Make sure the tax breaks you take now won’t cost you in retirement

Good savers, beware! The money you put into your 401(k) and other retirement accounts has to be withdrawn one day. If you’re not strategic about your savings, you could face unnecessarily high taxes and inflated Medicare premiums in retirement, plus you could saddle your heirs with higher taxes.

The sooner you start defusing this potential tax bomb, the better. But even people in their 60s or early 70s may have options to reduce potential damage as long as they act quickly.

“You don’t want to be in a position where some clients think all their funds are in a tax-deferred account,” says Pam Ladd, senior manager of personal financial planning at the Association of Certified Professional Accountants International.

See also: 5 things you need to know about taxes if you’re over 65

Tax benefits now can cause tax pain later

Most retirement accounts offer a tax break when you put money away. Ultimately, though, Uncle Sam wants to get paid. Required minimum distributions, or RMDs, generally must begin at a certain age, currently age 73 and rising to age 75 for people born in 1960 and later. Withdrawals from pension funds are usually subject to regular rates of income tax.

It’s still a good deal for most retirees because their tax bracket will be lower in retirement than when they were working. But people who don’t need to spend their savings to retire early may find that required minimum distributions push them into higher tax brackets.

“People are working longer, saving longer and saving more in their retirement accounts, and as a result, their RMDs in many cases can be more than they earned while they were still working,” says Colin Carko, a financial director of the organization’s wealth planning strategy. TIAA Services Company.

Delaying the start of required minimum distributions can make matters worse, as you’re required to withdraw larger percentages of your balances as you age, Carcone says. At the same time, your accounts have more time to grow.

See also: I am 55 years old and need cash. Can I access my IRA without penalty?

Savers can pay more for Medicare and cost their children

Higher incomes can also mean higher Medicare premiums due to the Income-Related Monthly Adjustment Amount, or IRMAA, which is based on your income two years ago.

Most people will pay $164.90 a month this year for Medicare Part B, which pays for doctor visits. But Medicare recipients whose 2021 modified adjusted gross income exceeds $97,000 (for married couples) or $194,000 (for married couples) pay between $230.80 and $560.50 a month, depending on their income : IRMAA’s premium for Medicare Part D, which pays for prescriptions, can add up to $12.20 to $76.40 a month, depending on income. A couple earning $250,000 in 2021 could pay a total of $4,711.20 in premiums for their Medicare coverage in 2023.

Paying taxes may not be limited to that. If you leave a pension to your children or someone other than your spouse, they usually have until the end of the 10th year after the year of your death to empty the accounts. Required minimum distributions from inherited retirement accounts can push your heirs into higher tax brackets or cause other financial complications.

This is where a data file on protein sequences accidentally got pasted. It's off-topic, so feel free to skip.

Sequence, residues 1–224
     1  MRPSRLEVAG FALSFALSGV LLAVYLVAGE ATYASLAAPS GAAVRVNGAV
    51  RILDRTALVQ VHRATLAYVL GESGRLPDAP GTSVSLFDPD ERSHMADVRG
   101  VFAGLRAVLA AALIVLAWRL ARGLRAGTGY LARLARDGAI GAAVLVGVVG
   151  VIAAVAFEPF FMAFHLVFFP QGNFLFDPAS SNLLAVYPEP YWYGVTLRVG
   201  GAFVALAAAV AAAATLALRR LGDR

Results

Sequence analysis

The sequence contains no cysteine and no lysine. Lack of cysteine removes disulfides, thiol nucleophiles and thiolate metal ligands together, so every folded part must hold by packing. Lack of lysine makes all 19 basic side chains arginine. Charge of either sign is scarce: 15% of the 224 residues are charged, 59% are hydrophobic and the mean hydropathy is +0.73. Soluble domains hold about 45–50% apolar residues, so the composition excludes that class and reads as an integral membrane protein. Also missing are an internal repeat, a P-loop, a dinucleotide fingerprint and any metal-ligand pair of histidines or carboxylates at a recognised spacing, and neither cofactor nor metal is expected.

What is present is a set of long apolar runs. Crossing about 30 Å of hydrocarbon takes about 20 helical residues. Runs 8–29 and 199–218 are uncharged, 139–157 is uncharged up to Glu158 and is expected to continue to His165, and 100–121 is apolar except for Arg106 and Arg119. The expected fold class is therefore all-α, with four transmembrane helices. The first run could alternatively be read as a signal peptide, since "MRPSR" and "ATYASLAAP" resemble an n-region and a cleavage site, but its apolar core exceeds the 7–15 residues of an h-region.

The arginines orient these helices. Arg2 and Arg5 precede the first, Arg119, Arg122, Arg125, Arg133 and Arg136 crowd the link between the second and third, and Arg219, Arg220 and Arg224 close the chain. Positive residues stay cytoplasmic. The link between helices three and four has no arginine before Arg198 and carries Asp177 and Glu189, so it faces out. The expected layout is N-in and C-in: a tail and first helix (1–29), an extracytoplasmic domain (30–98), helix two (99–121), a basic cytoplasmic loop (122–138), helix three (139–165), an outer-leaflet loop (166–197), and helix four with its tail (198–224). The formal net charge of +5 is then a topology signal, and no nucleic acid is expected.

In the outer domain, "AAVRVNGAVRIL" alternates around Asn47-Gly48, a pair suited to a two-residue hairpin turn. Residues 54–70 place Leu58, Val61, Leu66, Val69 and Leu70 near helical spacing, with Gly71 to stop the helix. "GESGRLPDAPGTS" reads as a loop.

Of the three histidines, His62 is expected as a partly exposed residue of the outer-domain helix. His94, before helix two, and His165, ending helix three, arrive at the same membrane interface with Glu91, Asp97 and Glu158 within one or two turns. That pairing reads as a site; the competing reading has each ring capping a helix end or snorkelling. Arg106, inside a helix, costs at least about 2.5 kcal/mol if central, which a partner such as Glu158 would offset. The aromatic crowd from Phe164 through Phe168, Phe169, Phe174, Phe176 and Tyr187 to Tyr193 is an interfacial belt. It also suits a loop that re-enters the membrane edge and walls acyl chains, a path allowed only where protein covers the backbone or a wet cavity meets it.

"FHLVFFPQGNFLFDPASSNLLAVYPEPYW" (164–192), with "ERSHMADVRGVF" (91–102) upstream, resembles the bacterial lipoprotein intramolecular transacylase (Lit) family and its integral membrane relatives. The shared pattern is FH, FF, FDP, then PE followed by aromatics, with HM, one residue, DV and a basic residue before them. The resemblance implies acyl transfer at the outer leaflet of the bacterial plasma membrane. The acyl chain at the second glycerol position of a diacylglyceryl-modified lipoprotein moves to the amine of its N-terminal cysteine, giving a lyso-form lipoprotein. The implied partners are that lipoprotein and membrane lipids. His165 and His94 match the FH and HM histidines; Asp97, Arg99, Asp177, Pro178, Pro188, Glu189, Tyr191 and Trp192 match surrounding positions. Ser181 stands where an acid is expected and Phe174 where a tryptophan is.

PlusWhat’s the best way to leave your home to your heirs?

How to defuse the tax bomb?

Predicting who will hit a future tax bomb can be difficult, especially if you’re decades away from retirement. But most people would be smart to have at least some money in accounts that are not subject to taxes or required minimum distributions, such as Roth IRAs, Roth 401(k) plans, and Roth 403(b) plans, to better control their taxes. bills in retirement, Ladd says.

With Roths, contributions are non-deductible, but withdrawals in retirement are tax-free. You’re not required to use a Roth IRA during your lifetime, and legislation passed late last year eliminates required minimum distributions from workplace Roths starting in 2024. Non-spousal heirs are required to draw down the account within 10 years, just like regular retirement plans, but withdrawals are not taxed.

SeeAll About Roth IRAs

The ability to contribute to a Roth IRA phases out from modified adjusted gross income of $138,000 to $153,000 for singles and $218,000 to $228,000 for married couples. But many 401(k) plans and 403(b) plans now offer Roth options, and these workplace plans have no income limits, Carcone notes.

Another option is to convert existing retirement savings into a Roth account, which usually requires paying income tax on the conversion. Paying taxes now and later can make sense when you’re young and expect to be in a higher tax bracket for retirement, tax experts say. But some seniors may find that a rollover can help reduce the tax impact of future required minimum distributions, Carcone says. Rollovers from recent years should be handled carefully because, like required minimum distributions, they can inflate your tax bracket and Medicare premiums, he says.

Considering the financial stakes, Carcone recommends consulting with a tax professional or financial planner who can provide one-on-one advice.

“It’s never too early to start working with a financial advisor and start implementing that planned roadmap,” Carcone says.

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Liz Weston, CFP® writes for NerdWallet. Email: Twitter: @lizweston.



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